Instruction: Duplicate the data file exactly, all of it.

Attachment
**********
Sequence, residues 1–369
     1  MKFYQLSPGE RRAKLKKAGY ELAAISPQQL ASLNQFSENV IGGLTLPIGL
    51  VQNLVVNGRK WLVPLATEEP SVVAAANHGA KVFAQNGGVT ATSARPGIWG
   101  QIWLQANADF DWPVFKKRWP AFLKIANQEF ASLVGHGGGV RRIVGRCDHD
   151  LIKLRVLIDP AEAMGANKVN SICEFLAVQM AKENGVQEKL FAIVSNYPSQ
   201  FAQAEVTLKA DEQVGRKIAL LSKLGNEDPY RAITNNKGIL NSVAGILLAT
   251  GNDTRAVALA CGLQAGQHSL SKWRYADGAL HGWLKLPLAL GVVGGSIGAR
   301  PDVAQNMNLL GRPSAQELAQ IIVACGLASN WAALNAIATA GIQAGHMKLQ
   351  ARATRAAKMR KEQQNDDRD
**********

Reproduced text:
Sequence, residues 1–369
     1  MKFYQLSPGE RRAKLKKAGY ELAAISPQQL ASLNQFSENV IGGLTLPIGL
    51  VQNLVVNGRK WLVPLATEEP SVVAAANHGA KVFAQNGGVT ATSARPGIWG
   101  QIWLQANADF DWPVFKKRWP AFLKIANQEF ASLVGHGGGV RRIVGRCDHD
   151  LIKLRVLIDP AEAMGANKVN SICEFLAVQM AKENGVQEKL FAIVSNYPSQ
   201  FAQAEVTLKA DEQVGRKIAL LSKLGNEDPY RAITNNKGIL NSVAGILLAT
   251  GNDTRAVALA CGLQAGQHSL SKWRYADGAL HGWLKLPLAL GVVGGSIGAR
   301  PDVAQNMNLL GRPSAQELAQ IIVACGLASN WAALNAIATA GIQAGHMKLQ
   351  ARATRAAKMR KEQQNDDRD